What are the keys to EQ?  This post from TTI provides great insight into the entire topic.  A couple traits to consider: 1. Possess self-awareness Before someone can be effective interacting with others, they need to have a conscious knowledge of their own character, feelings, motives, and desires. The “feelings” part of this equation is very important. When those feelings are not positive, having the ability to control emotions is paramount to managing interactions successfully. When a person is self-aware and able to employ self-regulation under stress, they tend to have more successful outcomes (and less regret). Personally, I believe all EQ flows out of self-awareness; without it, the person is unable to… Read More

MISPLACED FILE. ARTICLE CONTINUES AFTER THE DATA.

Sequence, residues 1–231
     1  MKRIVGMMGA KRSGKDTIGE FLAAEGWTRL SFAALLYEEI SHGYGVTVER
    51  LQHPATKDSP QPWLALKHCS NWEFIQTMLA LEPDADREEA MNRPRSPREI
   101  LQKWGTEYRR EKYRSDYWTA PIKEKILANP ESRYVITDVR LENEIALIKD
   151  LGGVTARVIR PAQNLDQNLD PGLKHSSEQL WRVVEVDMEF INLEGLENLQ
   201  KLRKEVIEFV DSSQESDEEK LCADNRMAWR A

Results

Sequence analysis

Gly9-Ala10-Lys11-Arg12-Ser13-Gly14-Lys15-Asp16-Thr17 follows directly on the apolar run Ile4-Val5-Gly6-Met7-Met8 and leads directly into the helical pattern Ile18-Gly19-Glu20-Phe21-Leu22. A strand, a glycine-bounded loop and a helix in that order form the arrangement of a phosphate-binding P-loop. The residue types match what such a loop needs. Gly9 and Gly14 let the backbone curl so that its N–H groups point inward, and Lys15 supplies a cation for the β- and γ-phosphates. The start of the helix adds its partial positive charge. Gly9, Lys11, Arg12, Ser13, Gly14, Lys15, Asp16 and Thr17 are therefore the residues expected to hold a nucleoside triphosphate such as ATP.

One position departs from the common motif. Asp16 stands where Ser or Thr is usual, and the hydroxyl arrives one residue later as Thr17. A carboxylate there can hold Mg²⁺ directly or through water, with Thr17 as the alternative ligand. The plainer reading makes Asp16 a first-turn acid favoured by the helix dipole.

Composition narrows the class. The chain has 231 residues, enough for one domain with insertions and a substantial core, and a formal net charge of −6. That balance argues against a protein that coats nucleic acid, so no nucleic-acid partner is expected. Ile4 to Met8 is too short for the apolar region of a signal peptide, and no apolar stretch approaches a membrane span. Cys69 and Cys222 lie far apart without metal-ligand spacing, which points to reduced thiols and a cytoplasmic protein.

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The Creativity of Sarcasm

Sarcasm leads to creativity.  Creativity is a needed trait in most leadership positions today. From INC.com: What did the researchers find?  Sarcasm, it turns out, is a pretty good mental workout. “To create or decode sarcasm, both the  expressers and recipients of sarcasm need to overcome the contradiction (i.e., psychological distance) between the literal and actual meanings of the sarcastic expressions. This is a process that activates and is facilitated by abstraction, which in turn promotes creative thinking. … The result was “those in the sarcasm conditions subsequently performed better on creativity tasks than those in the sincere conditions or the control condition. I have had the opportunity to assess… Read More